The 2022 summer has shown us again how climate is becoming more extreme year by year. Sticking to business-as-usual and counting on adaptation alone will not work. Only a rapid phase out of fossil fuels will prevent the worst, says Sonia Seneviratne.
Dried-out rivers and soils throughout Europe. Crop losses, devastating forest fires and rapidly melting glaciers. Thousands of deaths caused by extreme heat in cities, cows being slaughtered because of too dry mountain pastures. That was the 2022 summer—one of the hottest and the driest since records began. If climate researchers had warned in spring that we could experience such an extreme summer, we would have been branded as alarmists. But what we are facing is fully consistent with the expert assessment of the Intergovernmental Panel on Climate Change (IPCC)1.
We’ve long been aware of what we were heading towards, and for some years now we’ve been seeing the first clear signs that we won’t be able to overcome the increasing climate crisis without taking serious mitigation measures. For decades, climate change has been trivialized by many as a distant challenge that we would be able to adapt to without any issues. These last few months have shown us that the reality is very different.
Adaptation alone is not an option
We are in a climate crisis. The atmosphere has already heated up by 1.2°C. Rising temperatures and lack of rain dried out soils across the Northern Hemisphere this summer. We have found that these drought conditions are now to be expected around once every 20 years given the current climate—while without human-induced global warming, they would happen about once every 400 years.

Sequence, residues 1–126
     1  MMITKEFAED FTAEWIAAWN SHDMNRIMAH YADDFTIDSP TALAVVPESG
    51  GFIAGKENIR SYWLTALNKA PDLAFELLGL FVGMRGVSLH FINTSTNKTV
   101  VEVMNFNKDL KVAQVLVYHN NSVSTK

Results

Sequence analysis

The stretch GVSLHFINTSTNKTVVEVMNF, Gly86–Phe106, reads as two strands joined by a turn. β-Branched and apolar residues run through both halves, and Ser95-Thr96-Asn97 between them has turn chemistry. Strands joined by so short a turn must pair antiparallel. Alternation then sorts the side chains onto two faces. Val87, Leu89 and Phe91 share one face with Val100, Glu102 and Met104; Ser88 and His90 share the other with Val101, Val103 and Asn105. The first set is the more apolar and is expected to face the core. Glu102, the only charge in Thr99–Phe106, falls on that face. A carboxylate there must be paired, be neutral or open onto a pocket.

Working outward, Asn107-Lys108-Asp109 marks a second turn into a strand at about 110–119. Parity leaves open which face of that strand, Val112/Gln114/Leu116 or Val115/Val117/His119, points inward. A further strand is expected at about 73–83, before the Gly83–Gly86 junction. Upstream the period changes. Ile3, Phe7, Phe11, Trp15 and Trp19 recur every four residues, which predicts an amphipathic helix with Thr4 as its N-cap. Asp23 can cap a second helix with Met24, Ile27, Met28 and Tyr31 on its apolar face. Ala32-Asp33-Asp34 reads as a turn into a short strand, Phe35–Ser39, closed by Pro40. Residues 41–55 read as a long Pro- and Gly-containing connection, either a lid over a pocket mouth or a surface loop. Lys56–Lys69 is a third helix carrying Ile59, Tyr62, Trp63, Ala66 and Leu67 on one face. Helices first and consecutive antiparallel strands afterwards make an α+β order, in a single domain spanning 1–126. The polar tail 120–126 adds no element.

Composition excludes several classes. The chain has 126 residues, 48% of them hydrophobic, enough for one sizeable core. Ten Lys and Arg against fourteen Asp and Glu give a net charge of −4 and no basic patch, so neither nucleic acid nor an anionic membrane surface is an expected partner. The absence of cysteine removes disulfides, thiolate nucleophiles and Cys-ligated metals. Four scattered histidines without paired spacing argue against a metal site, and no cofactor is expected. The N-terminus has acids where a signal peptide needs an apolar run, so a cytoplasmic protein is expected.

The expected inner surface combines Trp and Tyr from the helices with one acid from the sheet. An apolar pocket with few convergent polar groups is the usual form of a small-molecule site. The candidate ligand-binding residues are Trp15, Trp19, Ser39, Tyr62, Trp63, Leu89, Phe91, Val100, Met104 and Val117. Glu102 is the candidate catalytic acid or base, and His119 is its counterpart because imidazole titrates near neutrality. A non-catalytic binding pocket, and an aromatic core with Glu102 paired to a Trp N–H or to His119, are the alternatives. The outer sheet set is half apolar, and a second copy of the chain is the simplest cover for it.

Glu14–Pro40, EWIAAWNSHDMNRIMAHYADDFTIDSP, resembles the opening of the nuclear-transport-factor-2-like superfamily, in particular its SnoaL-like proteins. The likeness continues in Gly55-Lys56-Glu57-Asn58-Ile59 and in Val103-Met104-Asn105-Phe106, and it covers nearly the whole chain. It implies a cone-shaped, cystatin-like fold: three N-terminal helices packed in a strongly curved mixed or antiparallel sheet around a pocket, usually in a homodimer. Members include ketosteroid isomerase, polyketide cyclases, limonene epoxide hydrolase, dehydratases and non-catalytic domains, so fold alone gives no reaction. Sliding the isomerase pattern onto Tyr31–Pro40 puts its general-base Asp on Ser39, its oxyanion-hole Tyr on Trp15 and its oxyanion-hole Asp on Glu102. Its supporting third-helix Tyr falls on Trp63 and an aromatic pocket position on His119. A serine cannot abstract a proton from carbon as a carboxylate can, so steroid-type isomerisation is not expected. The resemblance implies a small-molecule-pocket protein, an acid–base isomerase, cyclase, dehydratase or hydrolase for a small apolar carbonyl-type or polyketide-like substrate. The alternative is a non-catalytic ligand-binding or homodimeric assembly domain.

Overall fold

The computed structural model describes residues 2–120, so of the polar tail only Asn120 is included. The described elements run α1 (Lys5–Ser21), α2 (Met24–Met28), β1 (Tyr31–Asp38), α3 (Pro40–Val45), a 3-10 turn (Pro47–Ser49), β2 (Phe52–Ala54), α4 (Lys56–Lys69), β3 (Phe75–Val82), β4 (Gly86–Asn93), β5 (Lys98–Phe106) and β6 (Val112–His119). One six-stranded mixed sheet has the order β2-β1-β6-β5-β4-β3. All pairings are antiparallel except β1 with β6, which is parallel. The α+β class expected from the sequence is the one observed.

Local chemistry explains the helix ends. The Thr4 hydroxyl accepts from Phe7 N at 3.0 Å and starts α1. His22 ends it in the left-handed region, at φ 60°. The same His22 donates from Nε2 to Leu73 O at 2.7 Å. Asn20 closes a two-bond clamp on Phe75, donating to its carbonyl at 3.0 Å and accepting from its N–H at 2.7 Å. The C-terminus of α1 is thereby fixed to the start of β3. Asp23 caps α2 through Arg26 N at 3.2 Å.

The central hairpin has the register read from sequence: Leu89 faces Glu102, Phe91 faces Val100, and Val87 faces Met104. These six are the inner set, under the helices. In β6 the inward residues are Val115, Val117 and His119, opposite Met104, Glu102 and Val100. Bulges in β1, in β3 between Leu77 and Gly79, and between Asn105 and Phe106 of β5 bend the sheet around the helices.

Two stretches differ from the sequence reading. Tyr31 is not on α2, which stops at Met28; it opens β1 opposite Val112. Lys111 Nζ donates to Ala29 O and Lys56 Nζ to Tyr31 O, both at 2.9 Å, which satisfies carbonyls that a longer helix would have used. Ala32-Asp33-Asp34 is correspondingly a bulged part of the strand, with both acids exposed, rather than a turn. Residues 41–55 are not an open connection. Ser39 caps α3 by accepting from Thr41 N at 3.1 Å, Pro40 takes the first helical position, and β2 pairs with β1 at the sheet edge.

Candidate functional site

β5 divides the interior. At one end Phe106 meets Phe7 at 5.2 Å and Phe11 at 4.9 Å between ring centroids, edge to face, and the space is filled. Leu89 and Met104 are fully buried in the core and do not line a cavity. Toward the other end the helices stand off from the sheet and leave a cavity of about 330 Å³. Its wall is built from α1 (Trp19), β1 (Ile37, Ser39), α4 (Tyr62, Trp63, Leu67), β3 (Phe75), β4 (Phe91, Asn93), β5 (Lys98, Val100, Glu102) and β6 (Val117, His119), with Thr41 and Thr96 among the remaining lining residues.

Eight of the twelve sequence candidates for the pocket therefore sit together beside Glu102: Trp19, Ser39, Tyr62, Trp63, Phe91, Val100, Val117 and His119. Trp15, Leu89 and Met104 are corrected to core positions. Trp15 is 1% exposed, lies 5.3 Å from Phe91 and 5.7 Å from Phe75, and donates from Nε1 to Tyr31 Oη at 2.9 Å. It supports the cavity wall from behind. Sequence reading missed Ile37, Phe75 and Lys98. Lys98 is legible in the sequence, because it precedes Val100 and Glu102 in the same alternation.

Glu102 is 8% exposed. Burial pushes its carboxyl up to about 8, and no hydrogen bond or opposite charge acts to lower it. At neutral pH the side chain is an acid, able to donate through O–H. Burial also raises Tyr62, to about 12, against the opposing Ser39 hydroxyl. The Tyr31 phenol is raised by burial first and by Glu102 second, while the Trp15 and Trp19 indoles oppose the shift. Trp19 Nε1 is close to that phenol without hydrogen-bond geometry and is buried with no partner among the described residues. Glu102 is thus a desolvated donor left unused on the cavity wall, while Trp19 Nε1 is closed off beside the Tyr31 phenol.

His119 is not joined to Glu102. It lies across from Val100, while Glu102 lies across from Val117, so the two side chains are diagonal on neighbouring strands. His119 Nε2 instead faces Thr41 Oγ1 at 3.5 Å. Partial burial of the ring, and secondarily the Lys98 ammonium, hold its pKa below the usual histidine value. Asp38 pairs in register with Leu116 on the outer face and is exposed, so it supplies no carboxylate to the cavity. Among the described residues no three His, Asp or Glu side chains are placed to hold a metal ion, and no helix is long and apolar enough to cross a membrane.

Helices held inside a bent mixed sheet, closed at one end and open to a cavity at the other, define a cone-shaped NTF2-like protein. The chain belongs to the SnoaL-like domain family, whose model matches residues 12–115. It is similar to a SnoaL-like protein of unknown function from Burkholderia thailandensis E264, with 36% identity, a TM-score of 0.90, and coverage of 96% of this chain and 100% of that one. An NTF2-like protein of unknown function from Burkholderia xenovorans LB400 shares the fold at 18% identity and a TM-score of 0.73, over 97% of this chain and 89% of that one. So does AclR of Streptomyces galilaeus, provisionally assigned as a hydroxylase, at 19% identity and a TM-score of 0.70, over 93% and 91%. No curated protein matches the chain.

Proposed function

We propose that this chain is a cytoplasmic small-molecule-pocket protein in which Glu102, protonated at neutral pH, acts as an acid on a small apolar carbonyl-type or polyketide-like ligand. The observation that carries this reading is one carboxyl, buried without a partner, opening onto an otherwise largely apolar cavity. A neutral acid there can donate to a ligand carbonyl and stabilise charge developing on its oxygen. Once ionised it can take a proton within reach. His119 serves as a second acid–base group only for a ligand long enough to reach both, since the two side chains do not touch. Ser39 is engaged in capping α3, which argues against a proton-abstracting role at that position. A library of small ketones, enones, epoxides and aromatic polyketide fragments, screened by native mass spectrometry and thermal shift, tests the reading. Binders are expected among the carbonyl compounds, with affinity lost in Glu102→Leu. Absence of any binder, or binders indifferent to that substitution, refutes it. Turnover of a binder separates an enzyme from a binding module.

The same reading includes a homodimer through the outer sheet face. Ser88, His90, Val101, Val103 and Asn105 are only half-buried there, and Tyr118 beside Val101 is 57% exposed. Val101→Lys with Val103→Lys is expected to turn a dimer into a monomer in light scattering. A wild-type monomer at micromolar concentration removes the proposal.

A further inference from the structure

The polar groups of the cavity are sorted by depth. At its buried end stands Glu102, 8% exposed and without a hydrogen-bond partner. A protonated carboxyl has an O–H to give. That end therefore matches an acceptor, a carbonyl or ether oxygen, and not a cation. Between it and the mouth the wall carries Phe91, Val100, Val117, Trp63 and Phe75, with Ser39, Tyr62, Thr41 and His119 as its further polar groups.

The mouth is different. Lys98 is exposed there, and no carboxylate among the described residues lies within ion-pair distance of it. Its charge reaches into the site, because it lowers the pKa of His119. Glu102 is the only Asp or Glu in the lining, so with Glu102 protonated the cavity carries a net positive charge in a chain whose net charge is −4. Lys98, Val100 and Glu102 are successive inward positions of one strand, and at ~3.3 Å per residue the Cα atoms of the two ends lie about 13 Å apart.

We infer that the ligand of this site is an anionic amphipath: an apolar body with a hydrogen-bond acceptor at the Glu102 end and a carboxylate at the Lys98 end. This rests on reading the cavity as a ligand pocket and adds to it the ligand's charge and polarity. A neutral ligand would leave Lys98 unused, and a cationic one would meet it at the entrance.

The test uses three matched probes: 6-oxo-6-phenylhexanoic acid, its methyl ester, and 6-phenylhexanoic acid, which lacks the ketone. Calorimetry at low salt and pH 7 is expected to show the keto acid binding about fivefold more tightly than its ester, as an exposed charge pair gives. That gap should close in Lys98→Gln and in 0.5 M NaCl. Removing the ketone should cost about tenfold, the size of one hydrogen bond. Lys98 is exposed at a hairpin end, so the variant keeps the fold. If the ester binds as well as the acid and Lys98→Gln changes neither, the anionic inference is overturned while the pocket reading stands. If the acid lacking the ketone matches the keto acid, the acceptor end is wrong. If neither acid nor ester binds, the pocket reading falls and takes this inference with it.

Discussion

The combination of heat and drought also caused problems in many parts of Switzerland—even our water-rich country is not immune to water shortages. Especially since the ice reserves in the Alps are shrinking at a record pace.
If the Earth continues to heat up, we can expect even stronger and more frequent extreme events in the future than what we have seen in recent years: heatwaves, drought, heavy rains and extreme hurricanes. The latest IPCC report also shows that we will quickly reach limits to adaptation if no countermeasures are taken.
One thing is clear: every additional emitted ton of CO2 heats up our extreme climate further. To avoid this, we need a radical phase out of oil, gas and coal—and we need this to happen as quickly as possible. Because every additional tenth of a degree matters.
Change is possible
Phasing out fossil fuels as required is feasible: there are alternatives in almost all sectors—renewable energies, heat pumps, electromobility. In Switzerland, 93% of CO2 emissions come from burning oil and gas. If Switzerland manages to halve its CO2 emissions by 2030, we would already be on track to meet the Paris climate target, which aims to stabilize warming at around 1.5°C. To achieve this, we must reduce our oil and gas consumption by 55% by 2030.
The recently passed Federal Act on Climate Protection Goals, Innovation and Strengthening Energy Security will pave the way for net-zero CO2. However, individuals, companies and authorities can already start taking the initiative to accelerate the needed change.
Switzerland will also benefit from phasing out fossil fuels in geopolitical terms, as it will be able to reduce its dependence on exports from autocratic regimes. Our reliance on oil and gas does not only harm the climate, it is also costly and leaves democracies vulnerable to blackmail by rogue states.
We will have to live with the climate consequences caused so far. They will not disappear in a net-zero world. In the best-case scenario we can stabilize global warming, but we can hardly reverse it. When it comes to climate, there is no turning back: many consequences are irreversible.
A dry wake-up call for water-rich Switzerland
This summer has clearly shown us how climate is becoming more extreme year by year. We can and should contribute to counteract this, both globally and in Switzerland. Acting now is worth it. The 2022 summer should be a wake-up call for all of us.
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